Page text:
Stealth Addresses to Buy Monero

While ring signatures ensure the sender’s privacy, stealth addresses protect the receiver’s. Even if one user repeatedly sends Monero (XMR) to a particular address, it will appear on the blockchain as a different address each time. Stealth addresses are essentially randomised one-time addresses so the sender and receiver are the only two users who really know where the Monero was sent.


So, you can’t work out the identity of the receiver, you can’t work out the identity of the sender, all that’s left to cover up is the value of the transaction. This is where ringCT technology comes in. A relatively new addition to Monero’s offering, ringCT stands for ring confidential transactions. This technology doesn’t encrypt the information but instead encodes it to obfuscate the transaction value. The miners can simply see that the input equals the sum of the output so it can still be validated.

Advantages of Monero


Monero’s privacy features are even beneficial for those who don’t consider privacy a priority.

When you hold a banknote in your hand, you do not know where it’s been or what it’s been used for. You have no way of telling if it has been used to buy toilet rolls and custard creams or crack cocaine and body parts. This unidentifiable record means that a banknote’s past cannot influence or change a banknote’s value, it will continue being worth the denomination stated on the note. It is fungible, meaning it is interchangeable with another note of the same denomination.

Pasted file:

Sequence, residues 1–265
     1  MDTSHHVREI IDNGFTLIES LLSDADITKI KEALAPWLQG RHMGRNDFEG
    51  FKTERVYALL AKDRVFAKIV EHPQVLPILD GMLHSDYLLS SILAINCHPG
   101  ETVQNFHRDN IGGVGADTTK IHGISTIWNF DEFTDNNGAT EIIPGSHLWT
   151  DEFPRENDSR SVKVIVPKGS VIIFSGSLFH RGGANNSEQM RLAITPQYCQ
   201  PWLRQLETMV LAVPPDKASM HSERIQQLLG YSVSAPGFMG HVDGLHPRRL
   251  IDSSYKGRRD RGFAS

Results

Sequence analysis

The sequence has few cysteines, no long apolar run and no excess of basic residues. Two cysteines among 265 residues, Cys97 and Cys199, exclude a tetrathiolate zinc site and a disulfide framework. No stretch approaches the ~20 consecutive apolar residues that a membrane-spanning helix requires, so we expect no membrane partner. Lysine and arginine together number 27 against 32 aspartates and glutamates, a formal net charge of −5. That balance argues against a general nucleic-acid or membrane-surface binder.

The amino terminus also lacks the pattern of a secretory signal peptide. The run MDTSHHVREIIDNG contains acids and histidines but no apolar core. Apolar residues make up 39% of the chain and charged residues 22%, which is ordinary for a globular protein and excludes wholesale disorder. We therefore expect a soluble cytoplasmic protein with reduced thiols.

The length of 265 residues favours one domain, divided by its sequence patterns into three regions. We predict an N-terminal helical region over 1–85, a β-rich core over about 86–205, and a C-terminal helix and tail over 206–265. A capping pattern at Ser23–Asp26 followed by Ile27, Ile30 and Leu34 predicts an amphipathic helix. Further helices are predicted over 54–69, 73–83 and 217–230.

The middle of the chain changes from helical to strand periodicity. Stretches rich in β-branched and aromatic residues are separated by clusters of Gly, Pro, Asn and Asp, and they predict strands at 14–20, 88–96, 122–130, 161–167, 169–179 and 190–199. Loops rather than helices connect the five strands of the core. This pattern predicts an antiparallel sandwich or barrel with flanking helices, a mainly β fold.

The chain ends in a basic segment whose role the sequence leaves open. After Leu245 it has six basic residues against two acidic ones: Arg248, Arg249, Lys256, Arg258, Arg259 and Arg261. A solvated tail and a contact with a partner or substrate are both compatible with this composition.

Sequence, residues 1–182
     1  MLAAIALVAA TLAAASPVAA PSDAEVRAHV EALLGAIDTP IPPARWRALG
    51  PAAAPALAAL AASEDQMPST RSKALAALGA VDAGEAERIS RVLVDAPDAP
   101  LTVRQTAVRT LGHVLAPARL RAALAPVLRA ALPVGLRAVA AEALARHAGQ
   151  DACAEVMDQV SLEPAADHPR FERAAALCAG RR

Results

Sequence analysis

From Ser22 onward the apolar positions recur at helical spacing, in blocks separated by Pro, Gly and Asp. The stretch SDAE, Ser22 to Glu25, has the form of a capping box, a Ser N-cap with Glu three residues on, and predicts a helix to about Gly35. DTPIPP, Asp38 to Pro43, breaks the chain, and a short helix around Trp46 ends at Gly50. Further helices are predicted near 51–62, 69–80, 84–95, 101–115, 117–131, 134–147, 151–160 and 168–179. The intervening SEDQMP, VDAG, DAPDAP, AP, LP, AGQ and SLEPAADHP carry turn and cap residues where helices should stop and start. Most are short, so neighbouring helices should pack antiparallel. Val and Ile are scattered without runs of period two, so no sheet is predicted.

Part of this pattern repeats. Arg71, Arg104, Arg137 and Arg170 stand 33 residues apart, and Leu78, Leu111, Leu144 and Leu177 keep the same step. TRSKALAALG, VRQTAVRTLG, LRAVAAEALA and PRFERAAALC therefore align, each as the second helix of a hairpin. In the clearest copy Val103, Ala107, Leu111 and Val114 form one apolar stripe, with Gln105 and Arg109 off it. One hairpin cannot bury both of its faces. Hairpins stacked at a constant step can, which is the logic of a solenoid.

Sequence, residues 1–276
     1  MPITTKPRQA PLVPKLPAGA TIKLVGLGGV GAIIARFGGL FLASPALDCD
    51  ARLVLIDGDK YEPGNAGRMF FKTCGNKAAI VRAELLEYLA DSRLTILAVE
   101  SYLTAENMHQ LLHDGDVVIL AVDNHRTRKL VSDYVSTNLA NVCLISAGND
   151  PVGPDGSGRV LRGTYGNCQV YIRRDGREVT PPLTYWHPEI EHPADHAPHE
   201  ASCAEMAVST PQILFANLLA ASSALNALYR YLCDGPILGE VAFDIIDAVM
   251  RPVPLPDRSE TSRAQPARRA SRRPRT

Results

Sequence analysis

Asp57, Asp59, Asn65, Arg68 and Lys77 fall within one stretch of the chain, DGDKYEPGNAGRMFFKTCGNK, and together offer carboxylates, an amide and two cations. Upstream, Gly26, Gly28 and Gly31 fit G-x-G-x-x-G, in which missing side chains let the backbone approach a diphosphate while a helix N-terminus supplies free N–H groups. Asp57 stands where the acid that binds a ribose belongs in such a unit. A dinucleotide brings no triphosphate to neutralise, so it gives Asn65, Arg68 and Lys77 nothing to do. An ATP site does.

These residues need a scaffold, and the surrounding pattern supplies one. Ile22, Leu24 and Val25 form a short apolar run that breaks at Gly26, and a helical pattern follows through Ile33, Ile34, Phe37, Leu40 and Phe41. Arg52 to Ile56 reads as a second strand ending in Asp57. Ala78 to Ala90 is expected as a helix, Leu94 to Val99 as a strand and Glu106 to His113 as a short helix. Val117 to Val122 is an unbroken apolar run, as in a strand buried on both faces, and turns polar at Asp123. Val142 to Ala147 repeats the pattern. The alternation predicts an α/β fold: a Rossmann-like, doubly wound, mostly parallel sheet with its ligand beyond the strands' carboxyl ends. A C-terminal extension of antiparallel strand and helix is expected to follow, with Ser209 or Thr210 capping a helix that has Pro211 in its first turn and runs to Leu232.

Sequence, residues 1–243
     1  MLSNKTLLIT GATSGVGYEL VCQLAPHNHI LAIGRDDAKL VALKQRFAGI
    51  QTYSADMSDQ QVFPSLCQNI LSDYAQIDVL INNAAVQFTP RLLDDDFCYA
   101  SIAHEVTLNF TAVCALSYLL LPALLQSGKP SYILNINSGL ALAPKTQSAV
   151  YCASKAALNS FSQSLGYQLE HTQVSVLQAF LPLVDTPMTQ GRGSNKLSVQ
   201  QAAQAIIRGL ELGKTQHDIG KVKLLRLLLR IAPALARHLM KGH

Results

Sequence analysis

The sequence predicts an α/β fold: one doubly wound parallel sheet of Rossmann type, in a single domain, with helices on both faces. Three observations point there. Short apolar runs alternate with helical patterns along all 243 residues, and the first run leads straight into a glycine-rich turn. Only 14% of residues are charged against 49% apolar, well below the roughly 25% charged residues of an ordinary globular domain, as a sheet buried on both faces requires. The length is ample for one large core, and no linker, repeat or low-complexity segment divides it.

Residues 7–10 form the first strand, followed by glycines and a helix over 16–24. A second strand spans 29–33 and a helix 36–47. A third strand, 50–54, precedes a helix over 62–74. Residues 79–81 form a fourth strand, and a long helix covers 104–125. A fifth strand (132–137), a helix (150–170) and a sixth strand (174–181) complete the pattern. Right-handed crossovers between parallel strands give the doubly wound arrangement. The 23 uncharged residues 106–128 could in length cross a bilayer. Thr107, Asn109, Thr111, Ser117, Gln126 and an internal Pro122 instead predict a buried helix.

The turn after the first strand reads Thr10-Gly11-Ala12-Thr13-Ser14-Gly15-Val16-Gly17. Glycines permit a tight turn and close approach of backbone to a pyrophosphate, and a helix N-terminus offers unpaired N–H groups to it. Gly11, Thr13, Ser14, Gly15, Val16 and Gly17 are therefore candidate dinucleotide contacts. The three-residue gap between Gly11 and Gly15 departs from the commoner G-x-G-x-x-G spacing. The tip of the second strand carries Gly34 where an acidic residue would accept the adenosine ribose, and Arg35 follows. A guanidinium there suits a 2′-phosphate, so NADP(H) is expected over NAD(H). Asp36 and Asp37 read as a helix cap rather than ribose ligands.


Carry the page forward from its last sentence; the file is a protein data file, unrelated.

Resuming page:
However, for most cryptocurrencies, every transaction is detailed on a public ledger so users can see exactly where the currency has been ever since it first came into crypto-existence. This means that if the currency was once tied up in criminal transactions then this is trackable and may well tarnish its value. It is not fungible. At risk of sounding like the American declaration of independence, all coins may be created equal, but ten years later it is likely they won’t be equal at all!

However, because of Monero’s solid privacy features, Monero is a cryptocurrency that is fungible. As you can’t track the coins’ history, you have no way of working out whether it’s clean or dirty. While this does help some criminals, it also helps innocent users who might inadvertently come to possess tarnished currency.